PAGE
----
Geology Reference
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Octahedron with apices
lying at the centres of six
surrounding balls, showing
the largest sphere that can
be accommodated.
Tetrahedron showing the
largest sphere that can be
accommodated in a tetra-
hedral site.
Figure 7.2 (a) Two layers in a close-packed array of spheres. The heavy lines show the co-ordination polyhedra of the
tetrahedral and octahedral interstitial voids between the spheres. (b) 3D model showing tetrahedral co-ordination of anions
around a small cation; the cation (ball bearing) can be seen nestling between the four anions. (c) Octahedral co-ordination
around a larger cation. (d) Octahedron with top anion layer removed to show the octahedrally co-ordinated cation within.
(Sources: Adapted from McKie & McKie 1974; K. d'Souza.)
The second type of hole in a close-packed array of
identical spheres is bounded by six neighbouring spheres,
whose centres lie at the six apexes of a regular octahedron 1
(FigureĀ 7.2a,c,d). Such holes are called octahedral sites . In
terms of the size of the largest interstitial sphere that each
hole can accommodate (analogous to the glass marble in
FigureĀ 7.2d), octahedral sites are 'bigger' than tetrahedral
sites. Both are substantially larger than the cavity between
three adjacent spheres in the same layer.
In many ionic crystals the anions are assembled in a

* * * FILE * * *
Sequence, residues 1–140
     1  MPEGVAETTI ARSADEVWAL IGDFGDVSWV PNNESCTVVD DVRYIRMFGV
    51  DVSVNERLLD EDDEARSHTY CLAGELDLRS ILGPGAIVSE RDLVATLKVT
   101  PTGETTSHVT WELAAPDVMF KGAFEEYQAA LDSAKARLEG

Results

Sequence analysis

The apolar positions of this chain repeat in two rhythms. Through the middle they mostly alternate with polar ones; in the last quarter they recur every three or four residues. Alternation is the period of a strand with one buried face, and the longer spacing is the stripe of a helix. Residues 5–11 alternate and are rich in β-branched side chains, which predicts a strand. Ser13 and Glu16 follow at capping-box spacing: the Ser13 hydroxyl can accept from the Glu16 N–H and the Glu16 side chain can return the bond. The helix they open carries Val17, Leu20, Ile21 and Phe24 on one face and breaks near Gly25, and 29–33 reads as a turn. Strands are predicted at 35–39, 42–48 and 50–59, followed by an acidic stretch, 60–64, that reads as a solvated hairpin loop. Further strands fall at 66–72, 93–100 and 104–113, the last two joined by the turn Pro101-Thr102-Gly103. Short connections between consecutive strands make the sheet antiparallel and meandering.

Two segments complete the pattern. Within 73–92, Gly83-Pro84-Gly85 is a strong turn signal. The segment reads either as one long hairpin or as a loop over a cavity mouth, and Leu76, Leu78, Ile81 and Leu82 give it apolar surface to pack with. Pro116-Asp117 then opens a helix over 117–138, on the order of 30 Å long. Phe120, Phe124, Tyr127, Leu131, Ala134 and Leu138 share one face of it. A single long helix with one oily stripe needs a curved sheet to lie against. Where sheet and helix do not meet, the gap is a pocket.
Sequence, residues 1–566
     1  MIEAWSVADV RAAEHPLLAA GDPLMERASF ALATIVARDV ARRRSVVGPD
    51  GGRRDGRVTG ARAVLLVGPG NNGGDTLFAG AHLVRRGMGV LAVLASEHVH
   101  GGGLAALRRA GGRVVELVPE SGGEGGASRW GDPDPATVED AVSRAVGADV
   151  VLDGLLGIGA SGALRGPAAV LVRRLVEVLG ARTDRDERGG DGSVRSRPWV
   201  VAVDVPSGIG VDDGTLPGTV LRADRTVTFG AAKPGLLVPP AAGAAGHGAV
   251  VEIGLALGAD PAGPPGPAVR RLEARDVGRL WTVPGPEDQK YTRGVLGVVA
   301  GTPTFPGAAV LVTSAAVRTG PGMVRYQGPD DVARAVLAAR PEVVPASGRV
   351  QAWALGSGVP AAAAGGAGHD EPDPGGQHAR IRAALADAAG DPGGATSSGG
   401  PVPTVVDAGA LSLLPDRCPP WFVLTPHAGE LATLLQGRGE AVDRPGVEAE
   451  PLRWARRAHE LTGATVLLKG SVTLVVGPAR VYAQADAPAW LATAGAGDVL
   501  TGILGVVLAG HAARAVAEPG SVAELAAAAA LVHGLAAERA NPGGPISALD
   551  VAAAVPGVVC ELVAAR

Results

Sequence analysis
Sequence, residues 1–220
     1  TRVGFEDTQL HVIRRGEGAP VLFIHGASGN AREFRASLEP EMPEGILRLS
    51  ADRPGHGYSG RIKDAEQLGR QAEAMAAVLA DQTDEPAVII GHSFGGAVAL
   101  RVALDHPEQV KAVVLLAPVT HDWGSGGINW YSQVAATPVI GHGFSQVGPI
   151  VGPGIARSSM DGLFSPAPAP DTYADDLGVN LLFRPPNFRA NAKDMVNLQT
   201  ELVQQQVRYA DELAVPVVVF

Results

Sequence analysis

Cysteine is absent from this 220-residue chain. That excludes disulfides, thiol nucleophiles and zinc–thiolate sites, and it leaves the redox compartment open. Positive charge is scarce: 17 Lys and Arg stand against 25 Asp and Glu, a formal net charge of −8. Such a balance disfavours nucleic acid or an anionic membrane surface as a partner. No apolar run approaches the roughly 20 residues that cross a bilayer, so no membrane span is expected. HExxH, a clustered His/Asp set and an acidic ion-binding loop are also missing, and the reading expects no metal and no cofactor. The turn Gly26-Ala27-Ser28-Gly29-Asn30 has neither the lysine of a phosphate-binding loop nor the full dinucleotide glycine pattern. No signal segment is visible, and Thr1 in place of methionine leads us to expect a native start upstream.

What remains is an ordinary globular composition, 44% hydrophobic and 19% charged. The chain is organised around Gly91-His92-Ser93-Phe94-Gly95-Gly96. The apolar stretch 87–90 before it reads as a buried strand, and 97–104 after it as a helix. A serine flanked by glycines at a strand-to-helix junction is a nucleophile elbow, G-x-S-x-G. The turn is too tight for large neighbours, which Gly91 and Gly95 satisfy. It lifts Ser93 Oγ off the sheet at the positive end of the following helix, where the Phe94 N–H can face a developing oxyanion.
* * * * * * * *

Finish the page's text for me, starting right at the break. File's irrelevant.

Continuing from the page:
more or less close-packed array, the cations occupying
some of the tetrahedral and/or octahedral sites
between them. The kind of site a given cation occupies
is determined by the value of the ratio r cation : r anion , known
as the radius ratio . Using three-dimensional trigonom-
etry, it is not difficult to show that, to fit exactly into an
octahedral site between six identical 'anion' spheres of
radius R, a 'cation' sphere must have a radius of 0.414 R .
A cation in this position in a crystal is said to have oct-
ahedral co-ordination . However, the likelihood of a real ion
pair having a radius ratio of exactly 0.414 is negligible,
so we must consider the effect on the co-ordination
number if the radius ratio deviates from this value.
A radius ratio of exactly 0.414 allows the 'cation'
sphere to touch all of the surrounding spheres at once,
An octahedron (meaning 'eight sides') has six apexes (points)
but eight faces.
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